Kemper, James M., Sr.

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William T. Kemper, Jr. Biography

Clipping from the Kansas City American on January 10, 1929 featuring a biography of William T. Kemper, Jr. on the occasion of his promotion to president of the First National Bank of Independence.

Tom Pendergast Inmate File: Parole Progress Report

Parole progress report for Tom Pendergast, Inmate #55295, which includes details about his physical and psychological health, plans for life after parole, and listing his parole adviser as James Kemper. Pendergast, known for his powerful Kansas City political machine and ties to organized crime, was found guilty of income tax evasion in 1939 and sentenced to 15 months in the U.S. Penitentiary at Leavenworth.

Tom Pendergast Inmate File: Parole Information Survey

Document assessing information about Tom Pendergast, Inmate #55295, as relates to his potential parole. The document includes statements that the Pendergast family "has lived in luxury," that Pendergast has no financially dependent family members, and notes that his reputation is divided - friends are "fanatical in their devotion and enemies are equally fanatical in their prejudices." Pendergast, known for his powerful Kansas City political machine and ties to organized crime, was found guilty of income tax evasion in 1939 and sentenced to 15 months in the U.S.

Tom Pendergast Inmate File: Application for Parole

Application for parole made by Tom Pendergast, Inmate #55295, for which he became eligible on October 28, 1939. He states that his plans upon release will be to return to his home to reside with his wife and family, and to return to work as president of Ready Mixed Concrete Company. In support of his application, he notes that this conviction was his first offense, and also notes that he is "constantly in need of Medical Attention." He lists James Kemper and R. P. Lyons as his parole advisor and employer, respectively.

Tom Pendergast Inmate File: Admission Summary

Admission summary for Tom Pendergast, Inmate #55295, which records his family background, health and economic status, and note he "is now confined as a patient in the Hospital" due to ongoing health issues. Recommendations include a note that Pendergast should receive close supervision to "avoid his becoming prey for institutional connivers." Pendergast, known for his powerful Kansas City political machine and ties to organized crime, was found guilty of income tax evasion in 1939 and sentenced to 15 months in the U.S. Penitentiary at Leavenworth.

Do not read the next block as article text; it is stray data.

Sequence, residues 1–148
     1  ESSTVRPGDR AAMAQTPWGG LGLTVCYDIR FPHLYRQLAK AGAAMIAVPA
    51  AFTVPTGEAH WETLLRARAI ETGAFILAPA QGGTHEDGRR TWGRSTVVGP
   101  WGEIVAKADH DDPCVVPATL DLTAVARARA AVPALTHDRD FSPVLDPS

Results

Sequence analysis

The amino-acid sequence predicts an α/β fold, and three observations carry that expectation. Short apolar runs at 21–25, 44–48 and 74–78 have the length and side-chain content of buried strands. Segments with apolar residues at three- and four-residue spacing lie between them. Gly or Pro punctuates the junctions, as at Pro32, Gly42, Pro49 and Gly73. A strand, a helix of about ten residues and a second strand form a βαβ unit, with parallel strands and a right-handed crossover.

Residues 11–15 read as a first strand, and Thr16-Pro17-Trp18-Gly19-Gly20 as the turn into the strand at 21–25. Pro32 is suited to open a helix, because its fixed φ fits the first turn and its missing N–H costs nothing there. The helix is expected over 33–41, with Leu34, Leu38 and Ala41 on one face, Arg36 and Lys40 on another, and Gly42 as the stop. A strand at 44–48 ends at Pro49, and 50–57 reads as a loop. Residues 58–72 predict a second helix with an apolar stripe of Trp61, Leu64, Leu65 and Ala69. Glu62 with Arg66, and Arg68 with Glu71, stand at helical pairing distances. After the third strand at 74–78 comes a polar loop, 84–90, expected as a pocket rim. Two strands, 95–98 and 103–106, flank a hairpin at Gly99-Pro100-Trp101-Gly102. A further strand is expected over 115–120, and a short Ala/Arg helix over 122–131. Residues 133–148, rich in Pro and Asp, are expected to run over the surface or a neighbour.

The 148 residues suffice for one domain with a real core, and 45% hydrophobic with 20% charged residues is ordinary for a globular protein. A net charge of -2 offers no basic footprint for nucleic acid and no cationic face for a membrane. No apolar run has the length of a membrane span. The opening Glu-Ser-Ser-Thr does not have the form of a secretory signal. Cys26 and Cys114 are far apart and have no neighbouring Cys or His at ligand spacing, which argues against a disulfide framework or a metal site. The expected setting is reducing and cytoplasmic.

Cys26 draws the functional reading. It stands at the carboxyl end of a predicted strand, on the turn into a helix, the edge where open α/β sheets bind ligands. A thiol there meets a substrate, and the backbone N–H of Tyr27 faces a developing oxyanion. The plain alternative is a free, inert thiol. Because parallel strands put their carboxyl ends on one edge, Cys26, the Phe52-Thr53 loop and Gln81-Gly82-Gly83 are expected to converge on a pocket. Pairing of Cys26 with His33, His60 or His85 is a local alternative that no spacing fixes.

Peter Warren and Edward E. Conroy

Clipping entitled "Accused in Plot" from the Kansas City Post on May 7, 1935 with caption stating, "Peter Warren (left), 20-year-old Dallas youth, is shown here with Edward E. Conroy, special agent in charge of the Kansas City office of the federal bureau of investigation, after Conroy and agents under him had effected Warren's arrest. The youth is charged with writing three letters in an attempt to extort $250,000 from James M. Kemper, president of the Commerce Trust company.

James Madison Kemper Biography

Clipping from The Missouri Alumnus, Vol. XIV, No. 4, featuring a biography of James Madison Kemper, Sr. on the occasion of his promotion to president of the Commerce Trust Company, Kansas City, Missouri.

James M., David W., James M., and William T. Kemper

Photograph of James Madison Kemper (left), father of William Thornton Kemper, Sr. (right), father of James M. Kemper, Sr. (center), father of David W. Kemper (front).

James M. Kemper, Sr. and Eleanor J. Kemper

Clipping entitled "Intended Plot Victims" from the Kansas City Post on May 7, 1935 with caption stating, "James M. Kemper, president of the Commerce Trust company from whom Peter Warren, arrested Tuesday by government agents here, is accused of attempting to extort $250,000 on threat of kidnaping Mr. Kemper and harming his family, is shown above with Mrs. Kemper."

James M. Kemper

Portrait of James M. Kemper, Chairman of the Board of Commerce Trust Company.

From Ruby Henshaw to Lloyd Stark

Letter from Ruby Henshaw to Lloyd Stark, who had provided a letter of introduction to Mr. Kemper of Commerce Bank. She reports on her efforts to obtain a job through Kemper.

From Reta Walters to U.S. Congress and Cabinet Secretaries

Letter from Miss Reta Walters accusing Harry Truman of being in league with Tom Pendergast and providing evidence to support her claim. She also notes prominent Kansas Citians who advocated for clemency for Pendergast after his conviction of tax evasion. Documents also address Pendergast's involvement in the liquor distilling and distribution business.